Outside Whole Foods by Eliot Wilson

Photo of bus in front of tree with green and red leaves
Photo by Mollie Sivaram on Unsplash

We always seem to get the red light here,
just close enough to Whole Foods to see in
while the bus kneels to unfold the ramp
that allows the ex-marine and his dog
to board and position themselves to go.
Across from me, a woman eats frosting
from a container with a plastic spoon.
And this early, the Whole Foods is aglow.
These are the wives of software engineers
or they are software engineers themselves,
orchid-stem skinny, flushed from hot yoga,
selecting whatever appeals to them
under a hanging wave of kombucha
Then a new herd arrives, enters the light.
Preternaturally at-home, sleek and trim,
they discerningly squeeze the avocados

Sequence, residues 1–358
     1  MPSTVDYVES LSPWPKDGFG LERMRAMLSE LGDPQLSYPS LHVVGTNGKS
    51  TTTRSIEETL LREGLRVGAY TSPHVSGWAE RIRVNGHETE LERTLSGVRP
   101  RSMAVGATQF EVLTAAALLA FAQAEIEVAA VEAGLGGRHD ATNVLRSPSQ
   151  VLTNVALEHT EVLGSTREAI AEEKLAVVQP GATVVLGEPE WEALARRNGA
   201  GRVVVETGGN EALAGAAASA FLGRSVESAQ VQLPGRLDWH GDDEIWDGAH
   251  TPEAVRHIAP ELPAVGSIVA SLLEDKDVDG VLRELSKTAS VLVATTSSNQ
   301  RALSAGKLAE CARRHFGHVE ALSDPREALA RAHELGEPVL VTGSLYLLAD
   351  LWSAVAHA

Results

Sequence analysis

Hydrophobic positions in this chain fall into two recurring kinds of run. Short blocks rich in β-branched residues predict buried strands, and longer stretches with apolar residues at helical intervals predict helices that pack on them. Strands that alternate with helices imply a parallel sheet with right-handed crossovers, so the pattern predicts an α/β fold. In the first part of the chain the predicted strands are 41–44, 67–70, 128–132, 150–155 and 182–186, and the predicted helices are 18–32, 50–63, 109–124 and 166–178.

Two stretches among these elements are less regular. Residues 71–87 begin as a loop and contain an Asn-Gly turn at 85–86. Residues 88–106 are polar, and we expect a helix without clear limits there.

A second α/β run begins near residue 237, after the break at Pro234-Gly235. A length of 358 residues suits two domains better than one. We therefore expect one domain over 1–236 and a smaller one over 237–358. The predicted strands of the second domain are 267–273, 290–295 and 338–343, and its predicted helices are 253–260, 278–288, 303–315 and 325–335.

or stand at a table of pre-shucked corn
thatched like the roof of a golden cottage
before traipsing towards the high-end cheese.

Five dollars for a head of green cabbage
My fellow passenger says with distain.
As far as I’m concerned they can have it.

The light green, our bus finally heaves away.
She puts down her frosting and fills her eyes
the way outcast Eve gazed at paradise.

Eliot Khalil Wilson
Eliot Khalil Wilson is the author of The Saint of Letting Small Fish Go ( CSU Press, 2003); This Island of Dogs (Aldrich Press, 2014); and The Lunatic’s Left-Hand Man (Golden Walkman Press, 2017). He lives in Denver, Colo. with his wife and family.

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